Sewol law negotiations at standstill

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Sewol law negotiations at standstill


Relatives of the ferry Sewol victims and survivors hold a press conference yesterday at the National Assembly to express their opinions over the renegotiation of the special Sewol law. [NEWS1]

The New Politics Alliance for Democracy (NPAD) and the ruling Saenuri Party remained at loggerheads yesterday after the main opposition reneged on an agreement made last week on the specifics of a special law investigating the main cause of the Sewol ferry disaster in April.

No further talks to narrow down their differences had been arranged or scheduled as of press time yesterday.

Today is the date the parties agreed on Thursday to put the special law to a parliamentary vote. The NPAD changed its position on Monday, however, calling on the ruling party to return to the negotiating table for further adjustments on the specifics of the law.

Representative Park Young-sun, the main opposition’s acting chairwoman, came out demanding additional points be reworked to iron out differences following a general party meeting on Monday at the National Assembly.

During the session, which lasted more than three hours, hard-line opposition lawmakers lambasted Park and others involved in the two-party discussions for giving in too much to the Saenuri’s demands.

The fact that it was Representative Park herself who was able to reach a middle ground on Thursday with her Saenuri counterpart Lee Wan-koo has sparked strong backlash from the ruling party, which called the opposition’s call for additional talks “shocking” and politically unethical.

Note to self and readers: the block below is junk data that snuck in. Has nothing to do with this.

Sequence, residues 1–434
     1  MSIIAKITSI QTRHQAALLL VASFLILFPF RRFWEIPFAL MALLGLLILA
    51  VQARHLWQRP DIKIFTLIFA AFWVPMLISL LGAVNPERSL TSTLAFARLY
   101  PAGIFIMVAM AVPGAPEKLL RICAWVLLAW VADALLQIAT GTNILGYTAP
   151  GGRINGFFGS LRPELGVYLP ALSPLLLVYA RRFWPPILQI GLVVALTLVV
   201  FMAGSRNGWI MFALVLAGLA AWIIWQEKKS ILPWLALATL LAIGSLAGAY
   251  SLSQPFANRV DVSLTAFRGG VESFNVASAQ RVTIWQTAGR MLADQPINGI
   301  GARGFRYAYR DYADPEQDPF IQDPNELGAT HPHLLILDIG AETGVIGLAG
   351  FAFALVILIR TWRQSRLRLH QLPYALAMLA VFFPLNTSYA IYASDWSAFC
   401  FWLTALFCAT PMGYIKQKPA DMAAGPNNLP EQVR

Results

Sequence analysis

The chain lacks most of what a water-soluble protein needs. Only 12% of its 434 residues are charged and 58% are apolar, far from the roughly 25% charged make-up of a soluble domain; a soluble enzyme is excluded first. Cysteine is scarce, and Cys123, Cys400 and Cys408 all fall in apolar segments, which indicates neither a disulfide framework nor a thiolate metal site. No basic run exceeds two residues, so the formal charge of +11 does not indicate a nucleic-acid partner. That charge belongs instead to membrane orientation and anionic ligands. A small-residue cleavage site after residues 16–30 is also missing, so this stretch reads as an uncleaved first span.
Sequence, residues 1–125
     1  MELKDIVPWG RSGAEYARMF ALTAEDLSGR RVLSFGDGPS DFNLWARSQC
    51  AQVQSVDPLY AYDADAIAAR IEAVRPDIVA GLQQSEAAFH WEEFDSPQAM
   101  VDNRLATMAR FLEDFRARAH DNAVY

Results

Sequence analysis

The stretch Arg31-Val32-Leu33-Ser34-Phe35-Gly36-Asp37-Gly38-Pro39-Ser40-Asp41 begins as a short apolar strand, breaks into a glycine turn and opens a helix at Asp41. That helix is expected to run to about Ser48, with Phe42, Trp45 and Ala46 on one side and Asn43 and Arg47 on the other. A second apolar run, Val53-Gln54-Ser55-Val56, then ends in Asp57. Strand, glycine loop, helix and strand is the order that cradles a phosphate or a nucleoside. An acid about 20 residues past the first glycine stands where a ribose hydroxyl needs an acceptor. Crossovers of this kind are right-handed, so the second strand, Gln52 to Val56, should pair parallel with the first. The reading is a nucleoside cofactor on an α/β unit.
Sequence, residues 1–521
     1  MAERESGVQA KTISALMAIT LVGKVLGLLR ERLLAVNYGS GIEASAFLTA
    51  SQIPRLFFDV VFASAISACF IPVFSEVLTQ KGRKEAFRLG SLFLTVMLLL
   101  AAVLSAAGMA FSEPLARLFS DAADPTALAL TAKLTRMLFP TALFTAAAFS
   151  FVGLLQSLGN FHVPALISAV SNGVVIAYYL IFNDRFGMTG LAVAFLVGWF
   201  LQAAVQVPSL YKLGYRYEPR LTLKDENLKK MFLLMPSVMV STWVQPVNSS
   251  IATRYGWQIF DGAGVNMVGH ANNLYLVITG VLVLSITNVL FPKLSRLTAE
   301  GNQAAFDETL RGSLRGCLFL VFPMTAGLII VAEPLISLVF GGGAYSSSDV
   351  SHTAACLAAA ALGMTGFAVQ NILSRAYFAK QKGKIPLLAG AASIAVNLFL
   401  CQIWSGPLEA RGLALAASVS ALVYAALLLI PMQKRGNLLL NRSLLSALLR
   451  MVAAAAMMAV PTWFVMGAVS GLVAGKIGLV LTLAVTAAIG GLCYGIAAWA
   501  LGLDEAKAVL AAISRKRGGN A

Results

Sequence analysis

“The opposition’s demand [for further talks] is a breach of our agreement, a decision that should not have been made in a politically ethical sense,” said Saenuri spokesman Park Dae-chul.

In last week’s arrangement, both parties agreed that a seven-member recommendation committee would nominate two candidates for special prosecutor who would be tasked with overseeing a special investigative team. The final candidate would then be appointed by President Park Geun-hye.

Representative Park’s consensus on the nomination process for a special prosecutor drew strong protest from her fellow party members as well as the bereaved families of the Sewol ferry victims, who believe a special prosecutor appointed by the president would not be able to avoid pressure or intervention from the Blue House.

For that reason, the line-up for the recommendation committee has emerged as a key issue in discussions should the Saenuri return to the negotiating table. By law, three of the seven members on the recommendation committee would come from the Ministry of Justice, the National Court Administration and the Korean Bar Association. Two would come from the Saenuri and two others from the NPAD.

The opposition also demanded yesterday that it be allowed to send three committee members, rather than two, which would reduce the Saenuri’s influence and expand its authority in the selection of the two candidates for special prosecutor.


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